and the lack of equal opportunity for students from different
socioeconomic classes (Crawford, 2004). Moran (1999)
attributed the lack of opportunities to the differences in funds
collected by the individual school districts. These problems,
while not new, remain unsolved.
In Alabama, the budgeting process is spelled out in state
law. Specific taxes are designated to the Education Trust
Fund, which funds education in the state. These are primarily 

sales tax and income tax, which both fluctuate with the state’s
economy. When the economy is growing, there tends to be
additional revenue. When the economy slows down, the
Education Trust Fund has a hard time meeting existing financial obligations.
The Alabama Education Trust Fund provides the financial
resources that support the legislatively approved minimum
educational programs for each district and each student
throughout the state. Any additional program offered by a
district that is above and beyond what the state mandates is a
result of the expenditure of local tax dollars. Some districts
have the potential to generate greater amounts of local taxes;
therefore, they can offer enriched learning opportunities over
tax poorer districts.
Local school districts have very limited authority to
impose additional taxes for educational purposes without
first gaining full support of the Alabama Legislature.
Statewide legislation only allows county commissions to
levy limited county and district school taxes. If a district
wishes to exceed that amount, they must secure a three-fifths
vote of the House and Senate delegation to have a proposed
constitutional amendment placed on a ballot for a statewide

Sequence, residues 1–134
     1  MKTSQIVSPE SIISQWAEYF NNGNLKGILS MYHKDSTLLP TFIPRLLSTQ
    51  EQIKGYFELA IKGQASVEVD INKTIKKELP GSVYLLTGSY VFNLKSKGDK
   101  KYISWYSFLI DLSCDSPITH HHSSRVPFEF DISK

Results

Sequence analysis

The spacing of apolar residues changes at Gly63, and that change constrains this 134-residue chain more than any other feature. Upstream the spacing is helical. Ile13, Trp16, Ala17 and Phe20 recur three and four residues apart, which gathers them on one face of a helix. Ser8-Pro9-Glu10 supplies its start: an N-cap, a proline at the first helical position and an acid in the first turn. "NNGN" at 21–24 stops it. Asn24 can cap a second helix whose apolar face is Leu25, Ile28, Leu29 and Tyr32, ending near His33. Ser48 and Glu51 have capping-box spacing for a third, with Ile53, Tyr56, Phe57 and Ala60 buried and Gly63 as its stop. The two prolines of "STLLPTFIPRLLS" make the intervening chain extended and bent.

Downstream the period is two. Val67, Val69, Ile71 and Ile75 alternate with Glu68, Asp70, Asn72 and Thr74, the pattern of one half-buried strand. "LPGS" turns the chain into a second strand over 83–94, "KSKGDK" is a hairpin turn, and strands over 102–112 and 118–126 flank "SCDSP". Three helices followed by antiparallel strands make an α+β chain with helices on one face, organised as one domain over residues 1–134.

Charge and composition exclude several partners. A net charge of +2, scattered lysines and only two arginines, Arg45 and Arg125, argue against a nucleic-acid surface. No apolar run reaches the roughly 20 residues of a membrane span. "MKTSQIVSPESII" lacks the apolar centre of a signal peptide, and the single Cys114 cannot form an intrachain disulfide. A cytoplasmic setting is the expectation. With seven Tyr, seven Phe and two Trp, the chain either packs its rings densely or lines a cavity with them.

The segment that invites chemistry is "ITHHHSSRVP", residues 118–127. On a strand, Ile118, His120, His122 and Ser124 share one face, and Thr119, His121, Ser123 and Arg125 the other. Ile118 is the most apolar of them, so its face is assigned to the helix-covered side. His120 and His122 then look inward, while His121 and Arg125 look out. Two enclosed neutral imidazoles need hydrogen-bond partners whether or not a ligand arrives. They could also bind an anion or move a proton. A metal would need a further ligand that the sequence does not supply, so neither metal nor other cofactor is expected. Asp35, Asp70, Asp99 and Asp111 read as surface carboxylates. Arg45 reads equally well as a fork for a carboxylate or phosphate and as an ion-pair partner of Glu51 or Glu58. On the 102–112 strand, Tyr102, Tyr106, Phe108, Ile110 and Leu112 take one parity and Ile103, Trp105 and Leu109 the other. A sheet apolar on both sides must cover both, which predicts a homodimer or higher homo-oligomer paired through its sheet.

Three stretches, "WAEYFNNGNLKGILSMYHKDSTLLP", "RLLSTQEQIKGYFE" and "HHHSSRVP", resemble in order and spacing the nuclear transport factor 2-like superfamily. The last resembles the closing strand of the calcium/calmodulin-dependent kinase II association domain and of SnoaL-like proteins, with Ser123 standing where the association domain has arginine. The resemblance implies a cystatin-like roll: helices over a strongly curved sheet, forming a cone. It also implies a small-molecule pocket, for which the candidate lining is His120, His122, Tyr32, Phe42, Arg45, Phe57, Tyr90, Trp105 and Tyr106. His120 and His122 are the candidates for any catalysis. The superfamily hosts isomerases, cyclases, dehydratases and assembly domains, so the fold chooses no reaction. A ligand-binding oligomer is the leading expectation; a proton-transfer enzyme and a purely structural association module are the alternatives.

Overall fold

vote, and then a majority of state voters is required for its

 As a result, funding for education in Alabama relies
heavily on legislators and local superintendents who work
with legislators to determine funding priorities. The decision-making process of these groups of individuals is influenced by internal and external factors that affect their belief
systems. This study investigates how these belief systems
influence the decisions of legislators and superintendents.

Literature Review
The politics of school funding tend to blend philosophical,
social, and economic differences into a structure recognized
as “free public schools.” It is impossible to separate education funding from resources. The level of funding drives not
only the quantity but also the quality of resources available
to create public educational opportunities.
The success or failure of schools is strongly connected to
the financial support made available to them through the
levying of taxes and the allocation of revenues (Harvey,
1989). In this regard, major legal decisions have occurred in
Alabama affecting the educational funding throughout the

To understand where the state is today, it is important
to know where it was in past years.
Historical Events in Alabama That Held Funding
Three major legal decisions that affected education funding in Alabama have all centered on the state’s right to